Jon Hopkins – Immunity
Last year, Jon Hopkins tweeted “Got paid £8 for 90,000 plays. Fuck Spotify” and threatened to quit music for good. Thankfully for music lovers worldwide, he didn’t fulfil his threat and has produced one of, if not the best electronic albums of the year as a middle finger to the unfair nature of the music industry. Hopkins doesn’t just demand respect with his third full length release ‘Immunity’, he commands it. A devastating and beautiful album – in equal parts cinematic and club-centric, it shows Hopkins’ versatility, intelligence and sheer talent as a musician.
Jon Hopkins is a busy man. He produced the album Diamond Mine with King Creosote and earned a Mercury Music Prize nomination; he spent time collaborating and co-producing Coldplay’s Viva La Vida with Brian Eno and also scored the critically acclaimed lo-fi film Monsters, for which he was nominated for an Ivor Novello award. After these endeavours it was time for Hopkins to get back in the studio and reclaim his own identity as an artist. Opener ‘We Disappear’ sets the tone for the rest of the album, it’s a bold and driven track with techno influenced elements clearly on show. This blends seamlessly into the first single from the album ‘Open Eye Signal’. This track shows all we expect from an artist like Jon Hopkins; it’s cinematic and polished to perfection. In ‘Open Eye Signal’, and throughout the album, we also see a versatility in Hopkins’ tracks that could comfortably place them in a club, car or computer without losing any of their power.
The song ‘Breathe This Air’ with its glitchy drums and ominous synths serves as a fitting build up to the knockout album centrepiece ‘Collider’, a powerful track in every sense. Pounding bass and a delayed synth line fight to be heard along with atmospheric effects and vocal snatches. The different elements fight in perfect harmony which makes ‘Collider’ into a nine minute epic that refuses to be heard without completely absorbing the listener into the fray. A trained pianist turned producer, Hopkins’ classical beginnings can be heard throughout the album. Tracks like ‘Abandon Window’ and closer ‘Immunity’ both revolve around a single piano melody. ‘Abandon Window’ is backed by majestic atmospheric rumblings, whilst ‘Immunity’ has the piano line decorated with delicate cymbal sounds and minuscule samples of everyday clicks and taps.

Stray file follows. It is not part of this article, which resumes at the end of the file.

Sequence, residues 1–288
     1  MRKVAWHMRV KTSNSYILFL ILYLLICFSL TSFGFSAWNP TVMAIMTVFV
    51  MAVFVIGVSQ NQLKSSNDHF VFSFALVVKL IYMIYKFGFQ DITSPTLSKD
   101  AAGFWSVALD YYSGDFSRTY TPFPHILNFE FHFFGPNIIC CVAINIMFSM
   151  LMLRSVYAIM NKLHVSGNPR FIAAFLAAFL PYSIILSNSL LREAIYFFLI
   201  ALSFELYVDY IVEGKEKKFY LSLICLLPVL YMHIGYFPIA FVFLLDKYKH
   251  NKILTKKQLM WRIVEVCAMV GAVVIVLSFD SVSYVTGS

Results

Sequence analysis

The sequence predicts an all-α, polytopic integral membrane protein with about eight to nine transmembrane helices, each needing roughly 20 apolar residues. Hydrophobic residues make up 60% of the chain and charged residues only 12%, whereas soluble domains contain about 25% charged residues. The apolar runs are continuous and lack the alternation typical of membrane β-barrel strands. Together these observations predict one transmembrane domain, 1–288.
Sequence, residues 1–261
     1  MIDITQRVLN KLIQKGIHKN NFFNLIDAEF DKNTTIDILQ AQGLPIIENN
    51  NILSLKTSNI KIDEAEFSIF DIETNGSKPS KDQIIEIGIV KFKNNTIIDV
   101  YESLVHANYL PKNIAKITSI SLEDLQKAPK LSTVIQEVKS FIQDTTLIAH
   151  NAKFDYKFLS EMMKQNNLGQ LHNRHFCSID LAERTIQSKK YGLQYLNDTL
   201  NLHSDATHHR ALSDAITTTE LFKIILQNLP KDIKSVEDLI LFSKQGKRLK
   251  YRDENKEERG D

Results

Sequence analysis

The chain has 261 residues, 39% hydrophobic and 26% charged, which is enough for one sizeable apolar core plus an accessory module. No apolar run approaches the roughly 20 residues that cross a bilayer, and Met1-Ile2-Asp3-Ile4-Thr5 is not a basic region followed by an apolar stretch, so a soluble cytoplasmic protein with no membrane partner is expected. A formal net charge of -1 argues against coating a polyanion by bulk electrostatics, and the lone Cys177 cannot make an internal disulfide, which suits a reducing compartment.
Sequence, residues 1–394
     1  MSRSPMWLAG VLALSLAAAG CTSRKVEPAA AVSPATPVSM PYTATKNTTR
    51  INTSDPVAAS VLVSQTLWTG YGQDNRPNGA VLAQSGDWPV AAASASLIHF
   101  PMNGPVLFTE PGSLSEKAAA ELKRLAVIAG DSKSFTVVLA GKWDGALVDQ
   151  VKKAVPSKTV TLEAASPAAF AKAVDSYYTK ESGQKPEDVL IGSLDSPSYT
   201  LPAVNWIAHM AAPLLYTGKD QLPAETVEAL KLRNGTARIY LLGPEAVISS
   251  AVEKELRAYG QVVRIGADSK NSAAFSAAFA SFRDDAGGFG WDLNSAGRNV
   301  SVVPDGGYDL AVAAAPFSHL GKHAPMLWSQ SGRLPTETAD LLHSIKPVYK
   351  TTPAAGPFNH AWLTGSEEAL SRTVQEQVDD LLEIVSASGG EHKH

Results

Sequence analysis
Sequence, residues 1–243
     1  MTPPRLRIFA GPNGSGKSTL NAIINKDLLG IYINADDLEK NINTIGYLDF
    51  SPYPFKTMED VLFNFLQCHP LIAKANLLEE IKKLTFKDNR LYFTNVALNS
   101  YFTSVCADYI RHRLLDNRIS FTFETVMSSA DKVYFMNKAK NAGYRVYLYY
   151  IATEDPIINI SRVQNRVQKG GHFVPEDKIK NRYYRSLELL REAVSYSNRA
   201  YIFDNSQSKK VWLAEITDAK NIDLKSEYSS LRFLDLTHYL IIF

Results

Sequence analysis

The album’s weak point comes at the three quarter point and after the assault/recovery combination of ‘Collider’ and ‘Abandon Window’. ‘Form By Firelight’ lacks the direction of the other tracks and seems to be missing the level of complexity heard elsewhere. Sun Harmonics’ falls into a similar trap, as well as being far too long at over eleven and a half minutes. It’s beautifully crafted, but easy to lose focus with. The final track ‘Immunity’ sums up the record and Hopkins as an artist. Every sound and silence is meticulously created and positioned. Sonically, it’s incredibly well made and is the kind of album that good quality speakers and headphones were made for. Jon Hopkins can well and truly step out of the shadows of others and be proud of Immunity which could potentially be not just the best electronic album of the year, but the best album of any genre in 2013.